More Modern Romances have the Heroine rescue the Hero (or they rescue each other) from some sort of mortal peril at the center of the story, and during this discovers that she loves him. Even so, she still runs from his 'clutches' for quite a bit until he admits that he loves her. Deciding to fight together, they solve the story's major conflicts and Cue: Happily Ever After.

Modern Romance in detail:
   1) They cross paths during an Event. (Normally during an attempt to deal with her Problem.)
   2) He decides he wants her . . . company. (Despite certain personal problems.)
   3) She decides she wants nothing to do with him. (She has her own problems.)
   4) He seeks to get her into his clutches. (Insert: Seduction Scene.)
   5) She escapes -- repeatedly. (Sometimes before he catches her, sometimes after. If After: insert love scene.)
   6) He or They Both fall into mortal peril. (While attempting to fix their own problems.)
   7) She rescues Him or they rescue Each Other. (Insert: Major Love Scene.)
   8) She decides that she's in love, or that she's been in love since their first encounter, but still runs from him.
   9) At next encounter, he admits that he's in Love. Cue: Double Confession and they find a way to fix their problems Together.
   10) Happily Ever After or Happily For Now.

Yaoi Romances 
tend to have a bit more in common with Bodice-Ripper Romances.
They generally start with some sort of Event where the two cross paths, and both are immediately attracted to each other. One decides that they will do anything to have the other's . . . company. The next part of the of the story consists of the many ways the Pursued seeks to 'escape his Pursuer's clutches'. At the center of the story, The Pursuer rescues the Pursued from some sort of Peril and takes that chance to reinstate his attraction, usually forcefully. During this time the Pursued admits to themselves that it might be more than mere Attraction. It might be love. (Oh Noes!) Cue more running from 'clutches' until the pursuer admits that they're in Love. Insert Double Confession. Deciding to fight together, they solve the story's major conflicts and Cue: Happily Ever After.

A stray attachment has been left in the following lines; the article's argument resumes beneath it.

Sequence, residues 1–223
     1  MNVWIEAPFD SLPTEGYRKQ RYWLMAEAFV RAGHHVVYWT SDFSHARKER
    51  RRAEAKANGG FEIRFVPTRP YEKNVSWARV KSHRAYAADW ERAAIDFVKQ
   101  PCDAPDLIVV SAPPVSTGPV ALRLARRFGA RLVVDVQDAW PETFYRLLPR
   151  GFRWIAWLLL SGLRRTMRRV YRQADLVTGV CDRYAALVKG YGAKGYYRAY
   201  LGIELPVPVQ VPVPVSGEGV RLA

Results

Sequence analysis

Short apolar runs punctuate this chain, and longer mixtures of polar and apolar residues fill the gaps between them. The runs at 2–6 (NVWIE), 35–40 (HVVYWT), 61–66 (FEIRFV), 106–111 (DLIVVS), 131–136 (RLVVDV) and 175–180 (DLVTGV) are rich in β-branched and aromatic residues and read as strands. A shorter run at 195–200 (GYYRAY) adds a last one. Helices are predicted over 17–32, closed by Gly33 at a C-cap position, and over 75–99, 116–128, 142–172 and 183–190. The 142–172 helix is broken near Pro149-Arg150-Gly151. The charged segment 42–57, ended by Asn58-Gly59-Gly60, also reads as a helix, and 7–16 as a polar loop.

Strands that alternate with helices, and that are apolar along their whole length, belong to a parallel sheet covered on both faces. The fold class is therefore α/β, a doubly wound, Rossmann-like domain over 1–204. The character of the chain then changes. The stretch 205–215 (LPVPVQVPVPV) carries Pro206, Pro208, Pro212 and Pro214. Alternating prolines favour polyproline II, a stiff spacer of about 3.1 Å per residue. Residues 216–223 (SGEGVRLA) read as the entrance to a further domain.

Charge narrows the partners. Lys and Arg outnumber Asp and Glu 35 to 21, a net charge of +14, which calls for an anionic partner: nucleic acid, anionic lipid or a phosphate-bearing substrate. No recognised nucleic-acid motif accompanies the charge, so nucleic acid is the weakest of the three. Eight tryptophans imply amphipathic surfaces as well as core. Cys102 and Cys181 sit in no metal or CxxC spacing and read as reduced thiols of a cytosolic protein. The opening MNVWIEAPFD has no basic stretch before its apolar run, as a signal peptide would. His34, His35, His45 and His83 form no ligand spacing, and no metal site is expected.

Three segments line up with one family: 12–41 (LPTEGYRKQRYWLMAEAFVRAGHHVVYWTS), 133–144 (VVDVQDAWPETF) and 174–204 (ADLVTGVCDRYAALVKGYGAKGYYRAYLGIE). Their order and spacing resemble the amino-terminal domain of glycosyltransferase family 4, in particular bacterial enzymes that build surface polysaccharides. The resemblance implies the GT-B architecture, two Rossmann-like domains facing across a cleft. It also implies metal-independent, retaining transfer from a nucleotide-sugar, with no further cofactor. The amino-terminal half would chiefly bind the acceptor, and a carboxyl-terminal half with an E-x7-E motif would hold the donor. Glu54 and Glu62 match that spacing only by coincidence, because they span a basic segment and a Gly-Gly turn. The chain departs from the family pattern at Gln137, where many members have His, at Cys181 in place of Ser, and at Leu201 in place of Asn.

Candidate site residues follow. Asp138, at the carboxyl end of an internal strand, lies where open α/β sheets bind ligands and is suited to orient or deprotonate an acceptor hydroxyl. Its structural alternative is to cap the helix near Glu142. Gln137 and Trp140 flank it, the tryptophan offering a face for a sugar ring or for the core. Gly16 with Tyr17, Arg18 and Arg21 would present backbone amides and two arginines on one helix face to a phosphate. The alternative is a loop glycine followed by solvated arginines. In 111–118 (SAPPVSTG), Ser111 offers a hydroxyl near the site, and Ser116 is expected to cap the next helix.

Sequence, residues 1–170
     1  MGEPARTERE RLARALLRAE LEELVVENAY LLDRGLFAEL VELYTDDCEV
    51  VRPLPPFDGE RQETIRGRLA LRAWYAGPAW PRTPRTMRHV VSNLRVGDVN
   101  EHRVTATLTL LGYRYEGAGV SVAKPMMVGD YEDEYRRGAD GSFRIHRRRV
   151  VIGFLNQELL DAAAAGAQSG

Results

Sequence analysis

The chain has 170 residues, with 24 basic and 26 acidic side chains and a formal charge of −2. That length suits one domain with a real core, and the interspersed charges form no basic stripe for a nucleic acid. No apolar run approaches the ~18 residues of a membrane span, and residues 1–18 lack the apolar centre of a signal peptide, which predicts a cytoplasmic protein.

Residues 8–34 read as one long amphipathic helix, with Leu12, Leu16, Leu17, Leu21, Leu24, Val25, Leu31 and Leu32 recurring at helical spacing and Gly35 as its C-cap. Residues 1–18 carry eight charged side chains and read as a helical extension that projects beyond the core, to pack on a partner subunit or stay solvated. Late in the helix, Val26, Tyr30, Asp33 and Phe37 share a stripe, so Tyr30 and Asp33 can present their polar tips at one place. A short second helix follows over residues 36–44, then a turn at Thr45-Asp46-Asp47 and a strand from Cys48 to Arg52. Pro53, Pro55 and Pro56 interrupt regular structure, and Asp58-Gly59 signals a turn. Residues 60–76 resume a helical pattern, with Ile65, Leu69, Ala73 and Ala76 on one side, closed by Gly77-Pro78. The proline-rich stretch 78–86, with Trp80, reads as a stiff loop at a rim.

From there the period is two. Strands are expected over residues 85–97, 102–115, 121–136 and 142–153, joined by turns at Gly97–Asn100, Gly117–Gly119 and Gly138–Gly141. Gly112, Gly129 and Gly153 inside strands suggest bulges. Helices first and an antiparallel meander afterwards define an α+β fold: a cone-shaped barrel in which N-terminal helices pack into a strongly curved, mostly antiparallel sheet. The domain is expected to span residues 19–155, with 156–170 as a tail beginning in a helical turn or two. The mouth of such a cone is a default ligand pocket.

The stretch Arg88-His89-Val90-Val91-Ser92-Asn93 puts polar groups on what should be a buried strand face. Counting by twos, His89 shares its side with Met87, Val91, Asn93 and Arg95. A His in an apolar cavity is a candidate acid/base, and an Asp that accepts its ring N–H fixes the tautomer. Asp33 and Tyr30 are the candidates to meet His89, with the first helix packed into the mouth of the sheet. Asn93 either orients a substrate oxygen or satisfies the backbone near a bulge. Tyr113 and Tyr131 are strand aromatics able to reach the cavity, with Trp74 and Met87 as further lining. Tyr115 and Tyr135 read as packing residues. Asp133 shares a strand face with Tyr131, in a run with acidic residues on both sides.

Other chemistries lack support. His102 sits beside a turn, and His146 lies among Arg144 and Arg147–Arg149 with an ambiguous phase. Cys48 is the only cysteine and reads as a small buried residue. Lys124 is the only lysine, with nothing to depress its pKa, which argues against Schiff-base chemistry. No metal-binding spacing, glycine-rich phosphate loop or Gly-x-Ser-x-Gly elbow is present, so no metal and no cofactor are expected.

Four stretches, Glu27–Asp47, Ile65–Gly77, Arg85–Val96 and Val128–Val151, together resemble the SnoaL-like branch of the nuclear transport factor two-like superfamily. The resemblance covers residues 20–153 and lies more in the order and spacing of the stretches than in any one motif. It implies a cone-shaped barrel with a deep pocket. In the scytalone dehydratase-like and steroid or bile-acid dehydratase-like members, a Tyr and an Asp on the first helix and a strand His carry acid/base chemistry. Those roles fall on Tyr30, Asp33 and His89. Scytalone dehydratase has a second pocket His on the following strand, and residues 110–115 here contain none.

Yaoi Romance in detail:
   1) They cross paths during an Event. (Normally during an attempt of each dealing with a Problem.)
   2) One decides he wants the Other's . . . company, usually with a stolen Kiss. (Despite certain personal problems.)
   3) The Pursued decides he wants nothing to do with his Pursuer. (He has his own personal problems.)
   4) The Pursuer gets the Pursued into his clutches. (Insert: Seduction Scene.)
   5) The Pursued escapes -- repeatedly. (Sometimes before he catches him, sometimes after. If After: Insert aggressive love scene.)
   6) One or the Other or They Both fall into mortal peril. (While attempting to fix their own problems.)
   7) The Pursued rescues their Pursuer, or they rescue Each Other. (Insert: Major Love Scene.)
   8) The Pursued decides that they're in love, or that they've been in love since the first encounter, but still runs from their Pursuer.
   9) At next encounter, the Pursuer admits that he's in Love. Cue: Double Confession, and they find a way to fix their problems Together.
   10) Happily Ever After or Happily For Now.


So...! What should you do with
Your cast of characters?

Once you decide who your 3 Main Characters are:
  • the Main character:
  • the Ally or Middle-man character: 
  • the Villain or Trouble-maker character:

Ask EACH character these 3 questions:
1. Who am I, and what do I do?
2. What do I want?
3. What is the Worst thing that could happen to me?

Once you know the answers to these three questions, you pretty much have your whole story.
  • By combining the 1's you have the Opening scene to your story. 
  • By combining the 2's you have your External Conflicts scenes (what the character DO and what happens TO the characters,) and your Internal Conflict scenes (how they Feel about what's happening.) 
  • By combining the 3's you have your Main Character's Ordeal/Self-Sacrifice scene; the one thing they don't want to do, but have to (often to survive,) and your potential Climax scene.
Do not be afraid to change things around or adjust things to suit the story you want to tell.

Do Not Forget....!

A story cannot END until the Main character's problem AND the Ally character's problem have been Solved!

Morgan Hawke